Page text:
November 14th marks World Diabetes Day1
, an annual event designed to raise awareness of a disease which today affects more than 400 million people worldwide2
. Incidence has been growing inexorably over the past few years and could yet double within the next decade, according to estimates from the International Diabetes Federation3
. In the light of these worrying predictions, scientists across the globe are working to develop sustainable treatments and preventive solutions. According to a clinical study published recently in the journal High Blood Pressure & Cardiovascular Prevention4
, promising approaches to reducing the risk of type 2 diabetes include regular exercise, adopting a healthy, balanced diet and taking certain nutritional supplements.
Three approaches to preventing type 2 diabetes
In their efforts to identify methods of preventing this type of diabetes, the Italian researchers behind this study focused on the disease’s causes and risk factors.
Examining the causes of type 2 diabetes
Type 2 diabetes is caused by poor blood sugar control, usually accompanied by insulin resistance. Insulin is a hormone which enables the body’s cells to capture glucose for use or storage. In insulin resistance, cells are less sensitive to this hormone. As the insulin is unable to carry out its blood glucose-lowering role, glucose accumulates in the blood, resulting in excess blood sugar, a chronic hyperglycaemic situation characteristic of diabetes.
Identification of several risk factors
Research suggests that the insulin resistance seen in type 2 diabetes is caused by a combination of factors, three of which were of interest to these researchers:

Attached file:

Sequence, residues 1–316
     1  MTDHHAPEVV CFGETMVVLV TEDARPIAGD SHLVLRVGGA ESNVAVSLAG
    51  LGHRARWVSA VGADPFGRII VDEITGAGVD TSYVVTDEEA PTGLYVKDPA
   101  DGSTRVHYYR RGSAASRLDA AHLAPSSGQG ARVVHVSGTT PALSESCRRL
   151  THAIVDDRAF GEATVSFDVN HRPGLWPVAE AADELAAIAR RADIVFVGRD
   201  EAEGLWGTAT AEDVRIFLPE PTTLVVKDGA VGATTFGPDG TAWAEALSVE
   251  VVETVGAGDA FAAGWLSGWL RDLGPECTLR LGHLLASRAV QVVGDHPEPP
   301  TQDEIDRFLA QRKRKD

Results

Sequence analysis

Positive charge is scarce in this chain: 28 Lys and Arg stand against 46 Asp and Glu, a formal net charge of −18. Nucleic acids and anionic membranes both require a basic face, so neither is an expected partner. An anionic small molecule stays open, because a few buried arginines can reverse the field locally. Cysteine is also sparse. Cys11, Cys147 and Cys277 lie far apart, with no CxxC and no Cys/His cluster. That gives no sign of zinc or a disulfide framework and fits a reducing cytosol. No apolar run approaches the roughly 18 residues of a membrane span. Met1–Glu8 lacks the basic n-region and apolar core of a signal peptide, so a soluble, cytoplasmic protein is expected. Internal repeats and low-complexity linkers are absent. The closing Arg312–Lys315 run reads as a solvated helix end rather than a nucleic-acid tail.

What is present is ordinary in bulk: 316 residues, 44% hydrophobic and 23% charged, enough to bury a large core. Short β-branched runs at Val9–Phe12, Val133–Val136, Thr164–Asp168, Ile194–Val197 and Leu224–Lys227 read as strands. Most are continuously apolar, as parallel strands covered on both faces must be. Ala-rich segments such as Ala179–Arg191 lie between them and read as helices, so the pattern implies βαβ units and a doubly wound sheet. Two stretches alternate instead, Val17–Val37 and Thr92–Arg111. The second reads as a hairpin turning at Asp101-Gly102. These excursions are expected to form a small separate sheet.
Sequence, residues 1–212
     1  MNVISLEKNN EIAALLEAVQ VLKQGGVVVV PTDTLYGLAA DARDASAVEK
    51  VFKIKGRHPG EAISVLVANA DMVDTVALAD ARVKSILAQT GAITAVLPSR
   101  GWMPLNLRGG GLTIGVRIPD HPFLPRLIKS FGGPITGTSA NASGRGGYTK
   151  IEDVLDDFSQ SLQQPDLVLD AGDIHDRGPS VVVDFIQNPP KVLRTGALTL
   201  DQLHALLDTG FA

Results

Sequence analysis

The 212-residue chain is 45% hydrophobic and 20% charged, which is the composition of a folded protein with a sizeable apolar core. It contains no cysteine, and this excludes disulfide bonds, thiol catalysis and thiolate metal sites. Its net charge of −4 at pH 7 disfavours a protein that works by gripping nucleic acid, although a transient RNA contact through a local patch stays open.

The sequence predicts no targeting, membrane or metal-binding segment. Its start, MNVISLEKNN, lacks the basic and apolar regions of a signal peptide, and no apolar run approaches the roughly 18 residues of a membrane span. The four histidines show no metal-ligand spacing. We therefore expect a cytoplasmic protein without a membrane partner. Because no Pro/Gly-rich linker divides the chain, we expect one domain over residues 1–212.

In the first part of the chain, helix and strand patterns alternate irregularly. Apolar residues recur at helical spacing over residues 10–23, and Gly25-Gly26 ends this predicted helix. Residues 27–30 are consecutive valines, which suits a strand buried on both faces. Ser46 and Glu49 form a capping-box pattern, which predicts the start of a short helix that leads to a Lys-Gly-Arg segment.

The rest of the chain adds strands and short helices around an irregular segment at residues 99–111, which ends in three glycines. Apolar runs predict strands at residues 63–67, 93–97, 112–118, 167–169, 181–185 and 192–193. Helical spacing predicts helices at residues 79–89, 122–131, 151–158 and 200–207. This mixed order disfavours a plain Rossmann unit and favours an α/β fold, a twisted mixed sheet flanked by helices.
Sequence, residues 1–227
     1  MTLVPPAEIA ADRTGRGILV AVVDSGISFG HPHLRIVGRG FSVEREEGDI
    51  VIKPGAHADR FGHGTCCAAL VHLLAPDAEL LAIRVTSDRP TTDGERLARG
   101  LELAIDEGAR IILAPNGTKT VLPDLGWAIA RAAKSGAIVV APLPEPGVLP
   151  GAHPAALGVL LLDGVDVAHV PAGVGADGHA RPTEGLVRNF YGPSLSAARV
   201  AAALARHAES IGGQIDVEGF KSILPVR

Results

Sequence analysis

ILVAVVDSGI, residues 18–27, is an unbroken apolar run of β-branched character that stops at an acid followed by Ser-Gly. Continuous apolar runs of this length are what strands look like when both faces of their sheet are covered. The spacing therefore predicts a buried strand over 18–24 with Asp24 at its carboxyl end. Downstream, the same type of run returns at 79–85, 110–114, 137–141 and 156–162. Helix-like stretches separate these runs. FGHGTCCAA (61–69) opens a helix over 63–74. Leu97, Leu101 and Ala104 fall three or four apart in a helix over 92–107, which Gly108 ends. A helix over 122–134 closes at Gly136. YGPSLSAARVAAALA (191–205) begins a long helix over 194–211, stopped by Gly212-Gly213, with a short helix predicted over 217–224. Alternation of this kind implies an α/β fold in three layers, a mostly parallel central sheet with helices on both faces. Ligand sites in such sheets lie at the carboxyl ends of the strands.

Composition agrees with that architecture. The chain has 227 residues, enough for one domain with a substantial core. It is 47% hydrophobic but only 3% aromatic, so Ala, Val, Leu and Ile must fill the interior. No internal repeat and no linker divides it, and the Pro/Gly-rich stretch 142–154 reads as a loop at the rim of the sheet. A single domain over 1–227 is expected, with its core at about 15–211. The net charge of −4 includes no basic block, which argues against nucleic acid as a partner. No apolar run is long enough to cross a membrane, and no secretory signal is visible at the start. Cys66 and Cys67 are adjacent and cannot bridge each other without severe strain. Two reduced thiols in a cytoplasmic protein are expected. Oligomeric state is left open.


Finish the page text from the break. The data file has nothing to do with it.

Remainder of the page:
- bad eating habits, and more specifically, overconsumption of sugary foods which encourages hyperglycaemia;
Research into preventive approaches
- sedentary lifestyles, increasingly common in recent years, which upset the body’s overall metabolism;
- metabolic disorders, including those affecting control of glycaemia (blood sugar levels).
The researchers identified three potential ways of preventing these different risk factors:
- adopting a healthy, balanced diet, in particular, restricting consumption of high-sugar foods;
Evaluating these approaches in a clinical trial
- taking regular exercise, to avoid the kind of sedentary lifestyle conducive to many diseases including diabetes;
- using nutritional supplements that have blood glucose- and blood lipid-lowering effects.
To develop and confirm their hypotheses, the researchers conducted a 10-week, randomised, double-blind study, involving 40 volunteers with problematic glycaemia. The study was carried out in two stages:
1st stage: support in correcting bad habits
For the first two weeks, participants were advised on how to improve their lifestyles and prevent risk factors for diabetes such as bad eating habits and inactivity. This was backed up by implementation of:
- a Mediterranean diet, in which intake of sugary foods was reduced and that of fruit, vegetables, whole grains etc was prioritised
2nd stage: nutritional supplementation
- regular physical activity.